As seen in FIGS. 3 and 4, reflector 5, which is typically made of aluminum, is formed of angularly related elongated facets extending from top to bottom of the reflector and arranged side by side symmetrically about the vertical axis A of reflector 5. Light rays emanating from lamp 6 are reflected by the inner surfaces of the reflector facets downwardly and outwardly through the mouth of reflector 5, such that the angle of the reflected rays relative to vertical axis A varies depending on the point of reflection from the reflector, as seen in FIG. 3.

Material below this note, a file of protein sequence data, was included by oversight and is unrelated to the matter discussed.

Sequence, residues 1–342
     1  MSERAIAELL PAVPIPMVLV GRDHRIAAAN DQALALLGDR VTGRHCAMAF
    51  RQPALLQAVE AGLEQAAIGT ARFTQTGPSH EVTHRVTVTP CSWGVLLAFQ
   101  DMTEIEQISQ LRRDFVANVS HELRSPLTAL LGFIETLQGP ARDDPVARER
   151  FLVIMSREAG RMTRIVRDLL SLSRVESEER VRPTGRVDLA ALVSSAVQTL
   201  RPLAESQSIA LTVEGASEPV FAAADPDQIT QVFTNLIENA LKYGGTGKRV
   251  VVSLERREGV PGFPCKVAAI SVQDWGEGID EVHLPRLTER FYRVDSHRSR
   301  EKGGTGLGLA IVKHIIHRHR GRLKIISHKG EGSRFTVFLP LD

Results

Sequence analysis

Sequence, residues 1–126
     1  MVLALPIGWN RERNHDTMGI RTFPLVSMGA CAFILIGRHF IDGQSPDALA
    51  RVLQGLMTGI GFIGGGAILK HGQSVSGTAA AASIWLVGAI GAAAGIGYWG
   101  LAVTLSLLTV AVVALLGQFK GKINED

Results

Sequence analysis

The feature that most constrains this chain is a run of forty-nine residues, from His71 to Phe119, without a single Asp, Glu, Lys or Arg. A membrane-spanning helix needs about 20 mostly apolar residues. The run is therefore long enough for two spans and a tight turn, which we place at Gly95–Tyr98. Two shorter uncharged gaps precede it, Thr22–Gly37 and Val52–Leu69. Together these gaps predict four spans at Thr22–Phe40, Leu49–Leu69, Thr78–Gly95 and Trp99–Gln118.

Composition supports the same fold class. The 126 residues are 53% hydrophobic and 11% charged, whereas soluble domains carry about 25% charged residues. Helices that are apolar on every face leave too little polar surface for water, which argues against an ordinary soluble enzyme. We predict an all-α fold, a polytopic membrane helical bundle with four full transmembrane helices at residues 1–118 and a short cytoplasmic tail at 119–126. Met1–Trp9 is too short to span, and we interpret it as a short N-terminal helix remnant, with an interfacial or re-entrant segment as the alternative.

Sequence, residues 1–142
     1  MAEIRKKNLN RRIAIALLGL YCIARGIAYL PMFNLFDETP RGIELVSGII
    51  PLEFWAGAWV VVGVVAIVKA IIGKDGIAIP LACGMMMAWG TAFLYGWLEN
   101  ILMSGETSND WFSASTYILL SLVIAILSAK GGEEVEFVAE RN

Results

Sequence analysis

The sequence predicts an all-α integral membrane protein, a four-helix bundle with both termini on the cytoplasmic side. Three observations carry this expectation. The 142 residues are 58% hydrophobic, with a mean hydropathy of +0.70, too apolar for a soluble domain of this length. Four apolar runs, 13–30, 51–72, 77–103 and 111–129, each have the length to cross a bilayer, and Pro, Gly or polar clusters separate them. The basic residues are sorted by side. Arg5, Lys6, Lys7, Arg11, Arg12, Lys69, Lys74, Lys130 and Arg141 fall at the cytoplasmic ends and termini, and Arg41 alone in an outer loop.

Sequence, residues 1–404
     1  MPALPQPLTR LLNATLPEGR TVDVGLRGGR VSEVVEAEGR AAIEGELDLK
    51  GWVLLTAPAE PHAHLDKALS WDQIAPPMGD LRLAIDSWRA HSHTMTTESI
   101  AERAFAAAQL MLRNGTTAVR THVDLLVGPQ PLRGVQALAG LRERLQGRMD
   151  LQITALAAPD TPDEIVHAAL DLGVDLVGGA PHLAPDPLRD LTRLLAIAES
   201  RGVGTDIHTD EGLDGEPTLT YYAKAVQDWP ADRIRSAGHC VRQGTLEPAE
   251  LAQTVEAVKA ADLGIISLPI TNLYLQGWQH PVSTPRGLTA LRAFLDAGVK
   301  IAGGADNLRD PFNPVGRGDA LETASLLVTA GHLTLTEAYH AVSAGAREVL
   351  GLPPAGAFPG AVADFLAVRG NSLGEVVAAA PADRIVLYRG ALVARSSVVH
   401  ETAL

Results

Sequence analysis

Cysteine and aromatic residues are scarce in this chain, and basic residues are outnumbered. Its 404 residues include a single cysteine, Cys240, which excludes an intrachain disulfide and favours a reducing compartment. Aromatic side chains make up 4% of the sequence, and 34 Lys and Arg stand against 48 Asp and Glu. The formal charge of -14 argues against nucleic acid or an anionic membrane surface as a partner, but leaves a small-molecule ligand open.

In accordance with the invention, each of the reflector facets is formed with an inwardly convex surface so that the light incident thereon is dispersed sufficiently to illuminate the floor area also illuminated by the two nearby facets on opposite sides thereof which face in the same general direction. FIG. 5 shows a segment of the faceted reflector, and as shown therein, two adjoining facets 5a, Sb meet along their adjacent edges to form a ridge 5c and meet similar facets 5d, 5e at their opposite edges to form grooves 5f. Shown in solid lines are paths of light rays C coming from light source L and reflected from the curved reflecting faces of facets 5a, 5b. Shown in dashed lines adjacent facets 5a, 5b are the planes Fa, Fb in which those facets would lie if they were flat, and in correspondingly dashed lines are shown representative paths of light rays F as they would occur due to reflection from the faces of such flat facets. As will be seen, the rays reflected from the convex faces of facets 5a, 5b are dispersed laterally over a substantially wider range than the rays reflected from the flat facet surfaces. Hence, the illumination afforded by such curved facets overlaps the areas illuminated by those nearby facets on opposite sides which reflect the light toward the same general area, thus contributing to overall uniformity of illumination and compensating in substantial degree for any lack of precision in the alignment of the facets in the process of manufacture. It will further be evident that no light rays are reflected directly back to the light source, since the rays will be reflected on opposite sides of the lamp depending on which side of ridge 50 or groove 5f they strike. Moreover, the thus dispersed light rays passing through the-space between the lamp and the reflector wall are directed away from the reflector axis and do not cross thereon. As a result, the formation of a heated area at the reflector axis and the undesirable effects of dirt accumulation on the reflector window 8 attendant thereon as explained above are entirely avoided. The floor area immediately below the luminaire is illuminated by direct light from the light source and by light reflected by the nonfaceted annular surface 5' at the top of the reflector.